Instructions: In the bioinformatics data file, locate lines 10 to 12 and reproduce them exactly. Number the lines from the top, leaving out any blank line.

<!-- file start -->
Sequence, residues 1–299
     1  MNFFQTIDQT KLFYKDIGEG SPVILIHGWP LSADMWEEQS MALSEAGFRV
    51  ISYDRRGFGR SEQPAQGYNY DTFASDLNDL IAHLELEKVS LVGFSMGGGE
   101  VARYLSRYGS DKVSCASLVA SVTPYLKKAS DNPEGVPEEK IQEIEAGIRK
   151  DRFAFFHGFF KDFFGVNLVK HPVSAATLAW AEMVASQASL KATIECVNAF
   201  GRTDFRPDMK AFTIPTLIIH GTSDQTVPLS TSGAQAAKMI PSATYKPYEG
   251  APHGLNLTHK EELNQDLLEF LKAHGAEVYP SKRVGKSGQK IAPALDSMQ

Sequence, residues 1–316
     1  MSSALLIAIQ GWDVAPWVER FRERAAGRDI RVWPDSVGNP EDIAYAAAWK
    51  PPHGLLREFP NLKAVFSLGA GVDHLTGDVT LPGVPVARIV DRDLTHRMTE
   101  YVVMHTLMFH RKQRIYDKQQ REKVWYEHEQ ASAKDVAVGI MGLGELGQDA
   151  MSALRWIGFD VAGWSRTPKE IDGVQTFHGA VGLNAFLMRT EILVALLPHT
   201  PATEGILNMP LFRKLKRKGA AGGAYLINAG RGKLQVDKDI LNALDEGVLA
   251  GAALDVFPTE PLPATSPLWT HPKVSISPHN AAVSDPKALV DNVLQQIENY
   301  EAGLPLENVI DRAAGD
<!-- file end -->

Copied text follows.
    51  PPHGLLREFP NLKAVFSLGA GVDHLTGDVT LPGVPVARIV DRDLTHRMTE
   101  YVVMHTLMFH RKQRIYDKQQ REKVWYEHEQ ASAKDVAVGI MGLGELGQDA
   151  MSALRWIGFD VAGWSRTPKE IDGVQTFHGA VGLNAFLMRT EILVALLPHT